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Gianni Agnelli

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Giovanni Agnelli, better known as Gianni Agnelli, (March 12, 1921 - January 24, 2003), was an Italian industrialist and principal shareholder of Fiat.

Born in Turin, Italy as the son of Eduardo Agnelli (1892-1935) and Virginia Bourbon del Monte (1899-1945), he was more meaningfully the grandson of Giovanni Agnelli, the founder of Italian car industry, from whom he inherited the command of the group in 1966, after a period of temporary "rule" by Vittorio Valletta[?] during which Gianni was learning how his family's company worked. Agnelli raised Fiat to become the most important company in Italy, one of the major car builders of Europe, and developed the accessory business, with minor companies also operating in military industry. Agnelli and Fiat would soon merge into a common vision, Agnelli meaning Fiat and, more sensibly, Fiat meaning Agnelli.

He was educated at Pinerolo[?] cavalry academy, and studied law at the University of Turin, although he never practiced law. He joined a tank regiment in June 1940 when Italy entered World War II. He fought at the Russian front, being wounded twice. He went in a Fiat-built armoured-car division to North Africa, where he was shot in the arm by a German officer. After Italy surrendered, he became a liason officer with the Americans. His grandfather, who had manufactured vehicles for the Axis during the war, was forced to retire from FIAT but named Valletta to be his successor. Gianni's grandfather died, leaving Gianni head of the family but Valletta running the company. Fiat began producing Italy's first inexpensive mass-produced car, as Gianni made female conquests throughout Europe.

Gianni Agnelli became the president of Fiat in 1966. He opened factories throughout the world, from Russia (at the time Soviet Union) to South America, and started international alliances and joint-ventures (like Iveco) which marked a new industrial mentality. In the 1970s, during the international petrol crisis, he sold part of the company to Lafico, a Libyan company owned by Colonel Qaddhafi; Agnelli would later repurchase these shares.

His relationships with the leftist forces, especially with Enrico Berlinguer's Communist Party, were the essence of the relationships between labour forces and Italian industry. The social conflicts related to Fiat's policies (some say politics) always saw Agnelli keeping the leading role; in the 1980s, during the last important attack by trade unions, in a dramatic situation in which a strike was blocking all of Fiat's production, he was able to organise a march of 40,000 workers who broke the block and re-entered the factories resumed work. This marked the end of a power of trade unions, which would never again be so influential in Italian politics and economy. It has to be recalled that in the 1970s Fiat and its leaders became object of terrorist attacks, mostly by Red Brigades, Prima Linea[?] and NAP[?]; several people working for the group were killed, and trade unions were suspected of hiding some terrorists in their organizations.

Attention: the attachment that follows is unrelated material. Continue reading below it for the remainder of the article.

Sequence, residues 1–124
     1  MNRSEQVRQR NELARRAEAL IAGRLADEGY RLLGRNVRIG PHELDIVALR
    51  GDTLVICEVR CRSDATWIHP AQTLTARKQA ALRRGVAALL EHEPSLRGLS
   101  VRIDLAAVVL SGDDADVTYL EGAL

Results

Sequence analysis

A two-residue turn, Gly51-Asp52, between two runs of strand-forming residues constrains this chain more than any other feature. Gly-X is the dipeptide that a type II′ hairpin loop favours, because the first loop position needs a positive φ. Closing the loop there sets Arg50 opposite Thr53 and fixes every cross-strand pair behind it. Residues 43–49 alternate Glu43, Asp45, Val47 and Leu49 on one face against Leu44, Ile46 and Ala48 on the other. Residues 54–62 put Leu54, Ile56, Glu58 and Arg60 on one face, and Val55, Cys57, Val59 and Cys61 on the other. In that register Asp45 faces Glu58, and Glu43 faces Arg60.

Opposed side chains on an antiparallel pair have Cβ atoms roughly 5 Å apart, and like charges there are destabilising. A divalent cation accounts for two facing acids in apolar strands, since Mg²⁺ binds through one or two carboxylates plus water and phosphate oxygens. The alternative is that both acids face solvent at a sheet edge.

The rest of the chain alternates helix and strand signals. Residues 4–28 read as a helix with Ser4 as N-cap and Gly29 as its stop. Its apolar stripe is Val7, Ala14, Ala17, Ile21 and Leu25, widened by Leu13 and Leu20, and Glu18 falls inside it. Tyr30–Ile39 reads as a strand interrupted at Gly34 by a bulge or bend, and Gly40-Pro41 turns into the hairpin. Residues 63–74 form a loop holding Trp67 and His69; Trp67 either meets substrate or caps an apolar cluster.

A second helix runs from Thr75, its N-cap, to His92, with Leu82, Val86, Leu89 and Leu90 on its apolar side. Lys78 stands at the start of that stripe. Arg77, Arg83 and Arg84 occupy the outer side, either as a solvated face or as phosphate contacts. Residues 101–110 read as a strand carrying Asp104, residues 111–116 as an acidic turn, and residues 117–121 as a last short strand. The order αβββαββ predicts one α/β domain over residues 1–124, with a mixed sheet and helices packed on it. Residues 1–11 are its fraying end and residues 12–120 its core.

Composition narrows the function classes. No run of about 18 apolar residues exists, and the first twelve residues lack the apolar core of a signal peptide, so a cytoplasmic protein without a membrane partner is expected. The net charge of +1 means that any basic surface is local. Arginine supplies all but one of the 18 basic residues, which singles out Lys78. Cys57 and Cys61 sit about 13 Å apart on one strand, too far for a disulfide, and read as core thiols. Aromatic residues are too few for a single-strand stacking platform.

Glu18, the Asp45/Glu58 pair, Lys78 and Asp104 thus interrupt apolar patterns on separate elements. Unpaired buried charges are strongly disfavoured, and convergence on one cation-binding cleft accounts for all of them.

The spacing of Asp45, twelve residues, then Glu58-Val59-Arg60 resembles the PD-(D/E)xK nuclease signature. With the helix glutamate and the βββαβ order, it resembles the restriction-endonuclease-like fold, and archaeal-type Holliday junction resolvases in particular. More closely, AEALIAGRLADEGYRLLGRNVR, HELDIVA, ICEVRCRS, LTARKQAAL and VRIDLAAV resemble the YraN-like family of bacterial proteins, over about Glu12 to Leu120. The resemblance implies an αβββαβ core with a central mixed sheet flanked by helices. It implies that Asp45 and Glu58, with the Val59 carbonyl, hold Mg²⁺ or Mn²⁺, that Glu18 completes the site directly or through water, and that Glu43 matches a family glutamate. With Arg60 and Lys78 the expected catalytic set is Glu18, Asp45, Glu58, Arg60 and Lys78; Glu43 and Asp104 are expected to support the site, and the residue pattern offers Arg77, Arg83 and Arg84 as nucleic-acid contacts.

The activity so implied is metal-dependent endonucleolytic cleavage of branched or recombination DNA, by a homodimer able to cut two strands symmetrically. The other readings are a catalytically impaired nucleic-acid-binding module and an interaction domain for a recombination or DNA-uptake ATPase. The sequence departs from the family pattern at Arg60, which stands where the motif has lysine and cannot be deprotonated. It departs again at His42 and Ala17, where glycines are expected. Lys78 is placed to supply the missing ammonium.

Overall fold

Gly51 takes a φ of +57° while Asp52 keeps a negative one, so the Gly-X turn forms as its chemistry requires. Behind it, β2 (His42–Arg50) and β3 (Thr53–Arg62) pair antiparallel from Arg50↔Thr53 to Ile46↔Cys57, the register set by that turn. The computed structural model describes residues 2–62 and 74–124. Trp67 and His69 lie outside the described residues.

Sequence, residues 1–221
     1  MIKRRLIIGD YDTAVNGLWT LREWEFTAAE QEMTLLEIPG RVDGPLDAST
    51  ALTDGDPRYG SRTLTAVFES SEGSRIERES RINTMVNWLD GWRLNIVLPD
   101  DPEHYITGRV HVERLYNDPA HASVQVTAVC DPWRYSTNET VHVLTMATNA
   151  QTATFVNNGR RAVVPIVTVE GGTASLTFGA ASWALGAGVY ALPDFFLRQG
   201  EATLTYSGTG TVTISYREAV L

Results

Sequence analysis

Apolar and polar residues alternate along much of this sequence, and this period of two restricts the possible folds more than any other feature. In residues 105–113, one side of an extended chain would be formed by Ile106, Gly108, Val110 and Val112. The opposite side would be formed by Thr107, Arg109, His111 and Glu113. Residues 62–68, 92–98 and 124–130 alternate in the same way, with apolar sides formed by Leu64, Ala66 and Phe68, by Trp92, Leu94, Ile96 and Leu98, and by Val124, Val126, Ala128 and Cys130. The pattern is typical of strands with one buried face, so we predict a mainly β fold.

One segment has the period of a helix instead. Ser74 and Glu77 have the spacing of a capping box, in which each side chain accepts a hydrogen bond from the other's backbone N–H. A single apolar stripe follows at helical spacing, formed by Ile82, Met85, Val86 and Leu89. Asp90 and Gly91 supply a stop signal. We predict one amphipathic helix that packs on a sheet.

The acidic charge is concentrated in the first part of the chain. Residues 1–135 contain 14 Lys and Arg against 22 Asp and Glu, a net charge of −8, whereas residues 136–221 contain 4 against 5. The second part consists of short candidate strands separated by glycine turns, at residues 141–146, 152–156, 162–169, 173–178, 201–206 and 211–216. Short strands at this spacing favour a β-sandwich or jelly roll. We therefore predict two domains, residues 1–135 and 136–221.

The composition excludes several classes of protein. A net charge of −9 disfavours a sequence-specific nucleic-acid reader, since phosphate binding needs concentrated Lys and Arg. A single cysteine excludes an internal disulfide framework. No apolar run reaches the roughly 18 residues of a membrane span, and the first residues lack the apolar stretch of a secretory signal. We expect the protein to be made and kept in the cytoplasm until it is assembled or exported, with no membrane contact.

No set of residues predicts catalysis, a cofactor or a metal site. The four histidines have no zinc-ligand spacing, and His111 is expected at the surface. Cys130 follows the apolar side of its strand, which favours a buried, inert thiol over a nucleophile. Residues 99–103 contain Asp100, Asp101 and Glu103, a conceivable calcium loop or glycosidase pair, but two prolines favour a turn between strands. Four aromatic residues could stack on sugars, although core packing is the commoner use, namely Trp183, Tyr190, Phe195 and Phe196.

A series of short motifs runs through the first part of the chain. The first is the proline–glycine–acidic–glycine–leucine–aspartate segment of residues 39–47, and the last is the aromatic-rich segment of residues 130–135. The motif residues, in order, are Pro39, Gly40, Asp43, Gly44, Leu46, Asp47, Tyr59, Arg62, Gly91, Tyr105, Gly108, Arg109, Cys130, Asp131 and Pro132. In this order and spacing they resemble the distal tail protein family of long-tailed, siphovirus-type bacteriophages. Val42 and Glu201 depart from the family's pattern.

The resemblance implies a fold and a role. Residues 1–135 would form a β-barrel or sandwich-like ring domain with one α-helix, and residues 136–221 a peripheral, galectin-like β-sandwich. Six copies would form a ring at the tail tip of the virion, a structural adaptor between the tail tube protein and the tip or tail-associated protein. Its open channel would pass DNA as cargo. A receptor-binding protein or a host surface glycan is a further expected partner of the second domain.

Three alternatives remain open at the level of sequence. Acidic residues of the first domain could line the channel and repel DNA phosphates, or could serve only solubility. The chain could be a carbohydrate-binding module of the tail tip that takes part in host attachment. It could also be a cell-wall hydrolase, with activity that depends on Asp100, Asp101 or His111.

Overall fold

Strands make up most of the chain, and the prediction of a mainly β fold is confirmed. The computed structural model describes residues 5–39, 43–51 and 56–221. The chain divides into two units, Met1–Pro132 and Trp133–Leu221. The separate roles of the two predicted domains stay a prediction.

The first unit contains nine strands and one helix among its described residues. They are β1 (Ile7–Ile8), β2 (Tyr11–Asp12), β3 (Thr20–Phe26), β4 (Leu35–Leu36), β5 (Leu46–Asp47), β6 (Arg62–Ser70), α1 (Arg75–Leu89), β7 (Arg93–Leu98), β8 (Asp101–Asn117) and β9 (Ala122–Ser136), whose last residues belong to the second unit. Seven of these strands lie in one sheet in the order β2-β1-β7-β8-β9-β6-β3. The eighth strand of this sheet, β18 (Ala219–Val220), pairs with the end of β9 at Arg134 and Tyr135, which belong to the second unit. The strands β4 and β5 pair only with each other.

Agnelli was named a senator for life in 1991 and subscribed to the parliamentary group for the autonomies (?ed.); he was later named a member of the senate's defense commission.

At the beginning of 2000s Agnelli made overtures to General Motors, with whom an agreement was reached to progressively let the American company enter Fiat. The recent serious crisis of Fiat (cars) found Agnelli already fighting against cancer, and he could take little part in these events.

The figure of Gianni Agnelli was also closely connected with the story of Juventus, one of the most famous Italian football clubs, which he personally followed. His phone calls, every morning at 6am, from wherever he was, whatever was he doing, to the Juventus' president Giampiero Boniperti[?], were legendary.

Nicknamed l'Avvocato (the lawyer) because he graduated in law (but he never really was admitted to the Order of Lawyers), Agnelli represented the most important figure in Italian economy, the symbol of capitalism, during all the second half of 20th century, and by many regarded as the true "king of Italy". A cultivated man of keen intelligence and a peculiar sense of humour, he was perhaps the most famous Italian abroad, forming deep relationships with international bankers and politicians (some of them became close friends, like Henry Kissinger). He was considered by some to be an elegant man. He left his extraordary paintings to the town of Turin in 2002.

The many detractors underline that in all his activity he mainly followed his family's interests, despite the eventual damages that these could cause to the nation. Fiat was always regarded by the italian government as a sort of "obligations-free" company, for which the national labour and tax laws could be adjusted according to Fiat's interests. Also, he was seen as a man who could keep on enriching himself while Italy was getting poorer. Agnelli never replied to these objections.

It is however to be noticed how he was never personally involved in the many political economical scandals of the Bettino Craxi[?] government era, even if bribery was publicly admitted in 1994 by Cesare Romiti[?], Agnelli's most trusted aministrator for some 25 years. Number 3 in Fiat's hyerarchy, Mattioli, was imprisonned for bribery like Papi, leader of Fiat-controlled Cogefar company. At the time, investigations were started after suspicions of special relationships with Salvo Lima[?], a Sicilian DC mp[?] later recognised as a mafioso.

Gianni's grandson John Elkann, is expected to be the next head of FIAT.

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